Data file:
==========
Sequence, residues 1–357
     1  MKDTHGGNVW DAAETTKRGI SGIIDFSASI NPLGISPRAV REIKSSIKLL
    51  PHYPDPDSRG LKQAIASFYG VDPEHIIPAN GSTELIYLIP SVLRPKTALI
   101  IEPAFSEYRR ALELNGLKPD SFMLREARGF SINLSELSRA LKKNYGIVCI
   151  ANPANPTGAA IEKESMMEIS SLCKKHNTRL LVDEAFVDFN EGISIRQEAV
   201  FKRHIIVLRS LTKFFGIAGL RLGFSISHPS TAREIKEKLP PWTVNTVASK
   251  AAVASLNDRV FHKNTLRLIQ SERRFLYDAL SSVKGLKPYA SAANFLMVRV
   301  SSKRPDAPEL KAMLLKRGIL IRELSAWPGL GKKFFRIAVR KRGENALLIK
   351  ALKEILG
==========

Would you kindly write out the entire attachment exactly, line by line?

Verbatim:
Sequence, residues 1–357
     1  MKDTHGGNVW DAAETTKRGI SGIIDFSASI NPLGISPRAV REIKSSIKLL
    51  PHYPDPDSRG LKQAIASFYG VDPEHIIPAN GSTELIYLIP SVLRPKTALI
   101  IEPAFSEYRR ALELNGLKPD SFMLREARGF SINLSELSRA LKKNYGIVCI
   151  ANPANPTGAA IEKESMMEIS SLCKKHNTRL LVDEAFVDFN EGISIRQEAV
   201  FKRHIIVLRS LTKFFGIAGL RLGFSISHPS TAREIKEKLP PWTVNTVASK
   251  AAVASLNDRV FHKNTLRLIQ SERRFLYDAL SSVKGLKPYA SAANFLMVRV
   301  SSKRPDAPEL KAMLLKRGIL IRELSAWPGL GKKFFRIAVR KRGENALLIK
   351  ALKEILG